Not so fast, Abdul. The D200 grip head will work with standard studs. The locking knob on the D200 can be inserted into either of two threaded holes on the grip head. In its standard position, it's set up for the long pins on Avenger and other pro stands. However, with the locking knob moved to the other provided hole, it can be secured on standard type studs.

This is the business end of one of my Giottos LC325 stands:


Here's a D200 grip head with the locking knob in the alternate threaded hole mounted on the Giottos stand:


This is a pretty secure arrangement but, of course, the short standard stud doesn't fill the entire mounting hole on the D200.

The removable top stud is a *very* nice feature of the Giottos (and some other) stands. For one thing, it allows us to address your issue very elegantly. The standard stud can be replaced with an Avenger E250 Long Double Stud (http://www.bhphotovideo.com/c/product/124750-REG/Avenger_E250_E250_Long_Double_Stud.html):


With the E250 in place, a D200 can seat fully in either of two positions. Like so:


or, like so:


The Avenger "Ranker" stand has a removable top stud, substantial load capacity, and reasonable price (http://www.bhphotovideo.com/c/product/462684-REG/Avenger_A005MT_Ranker_Zinc_Stand_.html#specificati ons) so a pair of those plus a pair of E250 studs might be a reasonable solution for you.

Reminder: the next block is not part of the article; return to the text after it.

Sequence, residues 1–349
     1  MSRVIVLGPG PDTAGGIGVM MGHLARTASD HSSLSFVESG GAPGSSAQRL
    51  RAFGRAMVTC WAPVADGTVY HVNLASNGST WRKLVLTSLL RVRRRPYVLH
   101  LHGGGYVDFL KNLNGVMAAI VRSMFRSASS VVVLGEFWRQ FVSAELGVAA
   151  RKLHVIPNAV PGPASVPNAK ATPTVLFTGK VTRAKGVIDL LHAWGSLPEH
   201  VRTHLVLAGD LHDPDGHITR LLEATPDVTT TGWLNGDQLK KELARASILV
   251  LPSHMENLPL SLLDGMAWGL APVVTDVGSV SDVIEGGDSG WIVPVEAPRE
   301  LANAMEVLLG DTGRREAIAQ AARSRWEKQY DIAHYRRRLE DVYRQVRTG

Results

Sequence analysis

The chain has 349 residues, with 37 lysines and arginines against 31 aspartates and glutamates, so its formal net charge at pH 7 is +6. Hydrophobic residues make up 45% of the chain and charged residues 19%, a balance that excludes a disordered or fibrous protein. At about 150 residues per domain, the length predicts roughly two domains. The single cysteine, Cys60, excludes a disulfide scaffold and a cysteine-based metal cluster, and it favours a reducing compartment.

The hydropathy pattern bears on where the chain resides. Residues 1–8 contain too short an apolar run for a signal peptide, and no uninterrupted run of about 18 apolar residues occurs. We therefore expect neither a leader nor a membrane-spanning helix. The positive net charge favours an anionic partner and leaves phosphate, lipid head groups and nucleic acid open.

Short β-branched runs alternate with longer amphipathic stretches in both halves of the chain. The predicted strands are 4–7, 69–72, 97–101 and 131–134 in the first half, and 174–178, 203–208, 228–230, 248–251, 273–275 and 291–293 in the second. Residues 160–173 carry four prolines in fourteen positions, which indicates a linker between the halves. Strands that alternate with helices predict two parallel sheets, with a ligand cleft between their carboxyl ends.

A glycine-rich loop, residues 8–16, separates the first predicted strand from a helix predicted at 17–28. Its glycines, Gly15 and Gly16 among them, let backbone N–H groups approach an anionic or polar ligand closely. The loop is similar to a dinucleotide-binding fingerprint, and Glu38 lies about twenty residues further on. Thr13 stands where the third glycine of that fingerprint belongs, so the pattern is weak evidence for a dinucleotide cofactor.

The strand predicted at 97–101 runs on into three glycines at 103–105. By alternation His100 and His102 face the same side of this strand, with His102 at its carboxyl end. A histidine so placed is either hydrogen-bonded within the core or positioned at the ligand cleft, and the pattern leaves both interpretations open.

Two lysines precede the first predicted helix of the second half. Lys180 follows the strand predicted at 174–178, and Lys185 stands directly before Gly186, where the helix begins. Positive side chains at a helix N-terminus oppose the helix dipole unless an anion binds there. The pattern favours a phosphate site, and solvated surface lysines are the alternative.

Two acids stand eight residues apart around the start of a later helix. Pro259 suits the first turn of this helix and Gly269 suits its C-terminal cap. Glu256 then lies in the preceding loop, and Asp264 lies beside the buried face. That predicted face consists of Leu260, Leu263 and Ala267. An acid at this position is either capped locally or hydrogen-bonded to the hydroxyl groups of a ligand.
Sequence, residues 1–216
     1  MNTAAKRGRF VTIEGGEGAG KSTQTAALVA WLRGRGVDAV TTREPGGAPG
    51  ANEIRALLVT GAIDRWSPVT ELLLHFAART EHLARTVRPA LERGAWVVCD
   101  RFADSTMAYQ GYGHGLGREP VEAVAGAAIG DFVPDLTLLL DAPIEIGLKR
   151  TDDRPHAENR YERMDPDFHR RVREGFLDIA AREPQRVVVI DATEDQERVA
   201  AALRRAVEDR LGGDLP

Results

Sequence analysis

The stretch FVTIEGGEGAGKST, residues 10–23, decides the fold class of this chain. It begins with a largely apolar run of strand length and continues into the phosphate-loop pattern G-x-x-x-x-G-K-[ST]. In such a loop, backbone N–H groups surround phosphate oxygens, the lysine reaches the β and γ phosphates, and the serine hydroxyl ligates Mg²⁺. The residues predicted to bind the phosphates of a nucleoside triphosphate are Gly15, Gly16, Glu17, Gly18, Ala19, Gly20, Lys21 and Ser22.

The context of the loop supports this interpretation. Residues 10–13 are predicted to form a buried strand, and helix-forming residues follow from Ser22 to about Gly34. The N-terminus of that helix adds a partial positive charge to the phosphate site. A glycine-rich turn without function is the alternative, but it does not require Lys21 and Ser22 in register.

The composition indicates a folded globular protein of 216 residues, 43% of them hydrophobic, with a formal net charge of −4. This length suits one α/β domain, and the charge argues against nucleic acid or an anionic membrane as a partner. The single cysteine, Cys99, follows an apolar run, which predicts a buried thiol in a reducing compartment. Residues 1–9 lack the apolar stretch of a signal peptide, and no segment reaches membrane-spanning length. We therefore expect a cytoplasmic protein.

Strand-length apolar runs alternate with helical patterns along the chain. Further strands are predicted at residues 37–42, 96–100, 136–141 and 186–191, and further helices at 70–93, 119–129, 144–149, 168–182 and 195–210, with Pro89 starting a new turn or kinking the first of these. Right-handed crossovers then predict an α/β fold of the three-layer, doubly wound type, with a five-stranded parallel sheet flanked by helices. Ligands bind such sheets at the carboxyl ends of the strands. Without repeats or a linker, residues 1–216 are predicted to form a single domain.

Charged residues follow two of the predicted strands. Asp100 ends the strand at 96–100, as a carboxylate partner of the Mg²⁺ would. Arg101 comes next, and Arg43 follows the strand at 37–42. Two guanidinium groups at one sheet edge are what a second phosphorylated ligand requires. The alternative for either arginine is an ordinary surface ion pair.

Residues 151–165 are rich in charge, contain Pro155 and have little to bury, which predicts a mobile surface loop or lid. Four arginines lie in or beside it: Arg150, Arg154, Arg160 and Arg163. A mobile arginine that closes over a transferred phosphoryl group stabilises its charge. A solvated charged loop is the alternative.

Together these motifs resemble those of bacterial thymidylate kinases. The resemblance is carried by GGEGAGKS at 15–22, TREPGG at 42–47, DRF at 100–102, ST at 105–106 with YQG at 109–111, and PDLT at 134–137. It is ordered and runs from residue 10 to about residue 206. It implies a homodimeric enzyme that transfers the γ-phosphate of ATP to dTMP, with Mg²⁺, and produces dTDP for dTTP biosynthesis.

Dave F.

18th of November 2009 (Wed), 13:02
Thanks for the detailed feedback Dave.

I have two sets of light stands, the ones that came with elinchrom kit, which are awesome but too light duty to handle anything beyond 8LBS and 13" stands that I bought used back when I was in Chicago. Those would work in the way you suggest except that the stud is not built into the stands, its more like a cap held into the stand tube by a screw. When I used one of those stands in combination with the D200 at an angle the stud cap flexed as if it was going to come off. I really have no option but to buy a set of stands.

I am glad you pointed out the E250 and Ranker stand option because I had seen that stand and loved its specs and price combination, but excluded it because of its stud. Now that I know I can mix and match the stud to my needs it's back to my list and I am checking its price with the local distributor as we speak.

20th of November 2009 (Fri), 05:39
I am sad to report that my local distributor informed me that Avenger has discontinued the Ranker stand and replaced it with the A0035CS. For those thinking about buying that stand go for it while B&H still has stock. The closest stand to it is the Manfrotto 1005 stand, but that is no where as strong as the discontinued Avenger.